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Deadly Health Mistakes to Avoid after 50

As we age, our health risks increase. After all, none of us is going to live forever.

All of us can improve the odds of a longer, more healthful life simply by avoiding the deadly health mistakes that people tend to make after age 50, published in Money Talks News’ recent article entitled “7 Deadly Health Mistakes People Make After Age 50.”

  1. Allowing social connections to fade. Loneliness is deadly. A 2018 study found that isolation may double a person’s risk of dying of cardiovascular disease. What’s more, social isolation is linked to increased risk of depression, cognitive decline, obesity and a weakened immune system. Men are at greater risk of suffering from social isolation, as a recent survey found just 48% of retired men living alone were very satisfied with the number of friends they had. However, about 71% of retired women living alone were very satisfied with their number of social connections.
  2. Enjoying too much high-sodium foods. About 90% of the sodium that we consume comes from salt. 90% of Americans over age two also consume too much sodium, so reduce your sodium intake. Do that and your blood pressure should fall within a couple of weeks, helping to lower your risk of deadly heart disease and stroke, the CDC says.
  3. Postponing colorectal cancer screening. Medical experts say that all adults 50 to 75 should have colorectal cancer screening. This test can find precancerous polyps, which are the main source of colorectal cancer, which is treatable when found in its early stages. With the Affordable Care Act of 2010, colorectal screening is among a list of preventive services that generally are free for people who have health insurance and are between the ages of 50 and 75.
  4. Not taking a daily aspirin. Not everyone over 50 should take an aspirin every day, but it can be good for those with certain potentially life-threatening health conditions. The Mayo Clinic says, “The U.S. Preventive Services Task Force recommends daily aspirin therapy if you’re age 50 to 59, you’re not at increased bleeding risk and you have an increased risk of heart attack or stroke of 10 percent or greater over the next 10 years.”

Taking aspirin makes blood platelets less “sticky,” helping to prevent the clots that lead to heart attacks and strokes, explains Harvard Medical School. Talk to your doctor before starting a daily aspirin regimen.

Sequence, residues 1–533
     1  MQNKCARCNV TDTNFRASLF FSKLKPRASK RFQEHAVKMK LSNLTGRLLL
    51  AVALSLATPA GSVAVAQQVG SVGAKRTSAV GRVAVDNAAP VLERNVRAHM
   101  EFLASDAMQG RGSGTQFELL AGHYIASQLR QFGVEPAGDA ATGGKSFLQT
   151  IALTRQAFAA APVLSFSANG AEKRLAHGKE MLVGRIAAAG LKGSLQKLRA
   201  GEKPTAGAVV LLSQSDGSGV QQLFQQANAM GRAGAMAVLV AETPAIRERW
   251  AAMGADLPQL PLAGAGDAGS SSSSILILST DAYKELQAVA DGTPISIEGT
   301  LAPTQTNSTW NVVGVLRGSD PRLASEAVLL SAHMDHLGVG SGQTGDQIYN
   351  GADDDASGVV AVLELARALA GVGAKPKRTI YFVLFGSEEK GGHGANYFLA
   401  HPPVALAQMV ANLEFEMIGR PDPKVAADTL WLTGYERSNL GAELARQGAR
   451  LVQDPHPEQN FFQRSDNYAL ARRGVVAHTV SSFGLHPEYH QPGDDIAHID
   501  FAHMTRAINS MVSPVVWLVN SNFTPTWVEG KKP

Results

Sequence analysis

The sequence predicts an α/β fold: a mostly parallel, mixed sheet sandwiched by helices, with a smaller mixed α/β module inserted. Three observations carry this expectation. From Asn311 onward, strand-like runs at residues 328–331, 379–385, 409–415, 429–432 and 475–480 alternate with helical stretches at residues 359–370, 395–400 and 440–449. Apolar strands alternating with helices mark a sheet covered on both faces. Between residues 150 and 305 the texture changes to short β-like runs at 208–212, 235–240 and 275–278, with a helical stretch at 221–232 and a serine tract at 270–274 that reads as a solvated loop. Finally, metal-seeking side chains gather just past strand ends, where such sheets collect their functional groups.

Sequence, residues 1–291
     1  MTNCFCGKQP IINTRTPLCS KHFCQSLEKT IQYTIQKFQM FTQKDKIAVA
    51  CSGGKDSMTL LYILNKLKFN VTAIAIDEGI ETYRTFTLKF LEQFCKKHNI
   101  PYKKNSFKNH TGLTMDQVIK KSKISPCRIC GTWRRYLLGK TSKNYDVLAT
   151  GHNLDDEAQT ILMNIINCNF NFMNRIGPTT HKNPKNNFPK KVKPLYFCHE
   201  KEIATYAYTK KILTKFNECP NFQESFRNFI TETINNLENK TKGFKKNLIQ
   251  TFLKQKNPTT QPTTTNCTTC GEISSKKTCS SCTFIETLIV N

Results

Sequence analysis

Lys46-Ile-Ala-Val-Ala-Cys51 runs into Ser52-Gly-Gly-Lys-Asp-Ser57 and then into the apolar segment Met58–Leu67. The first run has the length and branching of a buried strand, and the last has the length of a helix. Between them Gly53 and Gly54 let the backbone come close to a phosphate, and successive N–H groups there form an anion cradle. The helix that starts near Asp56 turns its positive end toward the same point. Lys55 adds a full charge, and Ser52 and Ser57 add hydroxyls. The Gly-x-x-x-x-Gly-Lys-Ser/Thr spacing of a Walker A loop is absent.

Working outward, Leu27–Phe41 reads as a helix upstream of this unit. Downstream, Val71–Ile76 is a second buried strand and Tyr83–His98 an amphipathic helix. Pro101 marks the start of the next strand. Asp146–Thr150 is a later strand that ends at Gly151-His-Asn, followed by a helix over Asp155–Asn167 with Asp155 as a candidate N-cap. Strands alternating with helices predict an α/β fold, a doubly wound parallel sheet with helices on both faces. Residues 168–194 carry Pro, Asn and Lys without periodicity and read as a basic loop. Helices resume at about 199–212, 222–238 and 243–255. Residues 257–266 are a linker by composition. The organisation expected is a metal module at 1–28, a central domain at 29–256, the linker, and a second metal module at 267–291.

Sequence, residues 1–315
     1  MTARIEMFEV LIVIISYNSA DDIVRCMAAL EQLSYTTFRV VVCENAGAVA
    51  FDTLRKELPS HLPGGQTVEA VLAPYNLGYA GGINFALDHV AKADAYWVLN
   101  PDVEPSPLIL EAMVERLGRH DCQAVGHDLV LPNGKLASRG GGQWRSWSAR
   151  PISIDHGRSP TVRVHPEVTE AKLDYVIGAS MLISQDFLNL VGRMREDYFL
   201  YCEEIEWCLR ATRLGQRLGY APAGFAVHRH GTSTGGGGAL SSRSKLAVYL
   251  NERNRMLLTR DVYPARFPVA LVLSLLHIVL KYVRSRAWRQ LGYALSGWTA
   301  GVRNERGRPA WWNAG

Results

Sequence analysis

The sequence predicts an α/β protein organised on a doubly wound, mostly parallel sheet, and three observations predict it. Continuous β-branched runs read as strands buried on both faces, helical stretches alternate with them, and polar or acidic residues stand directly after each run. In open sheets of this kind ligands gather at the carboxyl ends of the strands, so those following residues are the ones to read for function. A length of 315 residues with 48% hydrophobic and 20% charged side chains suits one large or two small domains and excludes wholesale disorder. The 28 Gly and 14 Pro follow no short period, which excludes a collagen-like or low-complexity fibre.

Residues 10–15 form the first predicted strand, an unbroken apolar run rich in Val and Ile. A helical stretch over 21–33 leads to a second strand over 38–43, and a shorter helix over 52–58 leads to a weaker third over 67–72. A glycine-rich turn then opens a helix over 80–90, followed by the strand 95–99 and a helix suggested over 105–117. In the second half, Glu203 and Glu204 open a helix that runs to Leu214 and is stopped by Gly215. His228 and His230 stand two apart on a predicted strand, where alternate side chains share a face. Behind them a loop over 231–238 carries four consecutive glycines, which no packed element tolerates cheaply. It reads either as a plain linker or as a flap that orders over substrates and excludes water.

1. Failing to lift weights. As we get older, the risk of the bone disease osteoporosis increases. About 10 million people have osteoporosis, and 44 million more have low bone density, which puts them at risk for the disease, according to the National Osteoporosis Foundation. Women are especially at risk for osteoporosis, since one in two women will break a bone due to osteoporosis. This happens more often in women than a heart attack, stroke and breast cancer combined. Getting sufficient calcium and vitamin D is critical to preventing osteoporosis. Weight-bearing exercise is also a great way to strengthen bones.
  2. Not drinking enough water. Hydrate! The Mayo Clinic says that older adults carry a lower volume of water in their bodies. In addition, they are more likely to take medications that boost the risk of dehydration. Their sense of thirst is less acute, making it easy for them to forget the need to drink. Severe dehydration can lead to:
  • Seizures
  • Life-threatening heatstroke
  • Urinary and kidney issues; and
  • Hypovolemic shock (low blood volume shock).

As a general rule, men should drink 15.5 cups (3.7 liters) of fluids and 11.5 cups (2.7 liters) of fluids a day for women. 20% of daily fluid intake also typically comes from food.

  1. Continuing to smoke. “Puff, puff, puff that cigarette!” Kicking the nicotine habit pays dividends at any age. The improvements accumulate over the next nine months, and by one year after quitting, your heart attack risk drops dramatically. However, improvements can be fast. For example:
  • Your heart rate and blood pressure drop 20 minutes after quitting:
  • The carbon monoxide level in your blood drops to normal a few days after quitting; and
  • Circulation improves and your lung function increases two weeks to three months after quitting.

Reference: Money Talks News (May 24, 2021) “7 Deadly Health Mistakes People Make After Age 50”

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